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Minor Gripe

2019-11-04 -- My first Delta Green session!

Chris Ertel



Last afternoon/night I ran my first Delta Green campaign. I was the Handler (DG equivalent of a Dungeon Master) and three of my buddies were new DG recruits.

I spent a couple of days prepping mostly from the Need to Know starter booklet and the Agent’s Handbook. I think the former was more condensed and useful for the first game, but I have no doubt that if we get to slide into some of the more advanced mechanics we’ll get good mileage out of the latter.

Everybody had a good time though it ended up lasting about six hours. :)

Okay, what’s Delta Green?

DG is a descendant/spin-off/spiritual-successor to Chaosium’s Call of Cthulhu. It’s a table-top RPG mostly in the investigative/horror genre.

The setup is basically that there’s a clandestine organization in the United States whose job it is to prevent the spread of the Unnatural—sometimes by fighting, often by covering-up, and always only temporarily. Man exists on a tiny life-raft of sanity on a vast ocean of dark madness, and the only thing we can do is plug leaks and prevent people from trying to pull stuff into the boat for a closer look.

While CoC is set in a little more pulpy setting (early 1900s), DG takes place in a sort of post-9/11 world. The threat model—as admirably demonstrated by one of my players whose character was working at a TAO unit before something caused the engineers there to go mad and start stringing each other up with Ethernet cabling—is very different. The police state exists, the vast organs of government and security are everywhere, and running black ops is both a lot easier and a lot harder than it would be in turn of the century coastal New England. Further, in a world with cell phones, cameras, and Twitter keeping people from learning about and spreading knowledge about the Unnatural is a lot trickier—if a page from an ancient tome can drive the reader mad, what sort of havoc can a TikTok film of a sacrifice yield?

Further, the SAN system (for modeling sanity damage from being exposed to the Unnatural) from CoC has been augmented and expanded with a system of Bonds. Bonds are the relationships PCs have with other groups and people in their lives and can be sacrificed^Wleveraged to provide support between operations to help recover lost SAN. Using bonds in this way—or just failing to keep up with them in Home scenes between operations—causes them to weaken, until eventually the PC has no support network.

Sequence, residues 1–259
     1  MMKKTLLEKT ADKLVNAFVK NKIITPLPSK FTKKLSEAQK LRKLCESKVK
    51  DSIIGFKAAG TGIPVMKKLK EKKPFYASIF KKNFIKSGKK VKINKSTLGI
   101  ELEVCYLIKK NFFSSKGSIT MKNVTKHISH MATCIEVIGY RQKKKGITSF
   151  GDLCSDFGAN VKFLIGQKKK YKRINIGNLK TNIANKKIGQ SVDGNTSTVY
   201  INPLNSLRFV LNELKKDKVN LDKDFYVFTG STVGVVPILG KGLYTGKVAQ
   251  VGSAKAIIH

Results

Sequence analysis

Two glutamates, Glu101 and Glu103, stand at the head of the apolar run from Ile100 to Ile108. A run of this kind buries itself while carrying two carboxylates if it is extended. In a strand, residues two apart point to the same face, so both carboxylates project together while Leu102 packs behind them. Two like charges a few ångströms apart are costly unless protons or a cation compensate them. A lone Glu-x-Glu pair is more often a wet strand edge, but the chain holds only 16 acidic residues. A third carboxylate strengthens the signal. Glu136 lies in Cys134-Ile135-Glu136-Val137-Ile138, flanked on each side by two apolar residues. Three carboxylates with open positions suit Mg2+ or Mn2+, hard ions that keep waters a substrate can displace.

In contrast to D&D, the big change is that the PCs are easy to get injured and really don’t progress hugely over the course of the game. In D&D you get to level up every so often, getting magical feats and new abilities—in DG, the only rapid character change tends to be the acquisition of new disorders. The skill point system assumes years or decades of training, and all of the characters are usually starting in their mid-30s, so you don’t see “rapid” character growth in anything except perhaps the knowledge of the Unnatural…which comes with a whole host of issues.

It’s quite a bit different from the other TTRPGs I’ve played (ignoring a CoC one-shot my friend ran) and run, mainly because it weakens the player characters so much.

Also, frankly, it’s just kind of a dark and dreary setting. Black humor or absurdism is about as much levity as we get. I discovered the system during an unhappy period in my life, and it’s oddly cathartic to indulge that even though—perhaps, because—I’m in a happier place now.

Important note: DG is best when players don’t know anything about the plot, setting, or history—so, if you expect to play it instead of running it, don’t spoil it for yourself! Let your Handler handle the mythos. No spoilers exist in this blog post, but be careful elsewhere.

What went well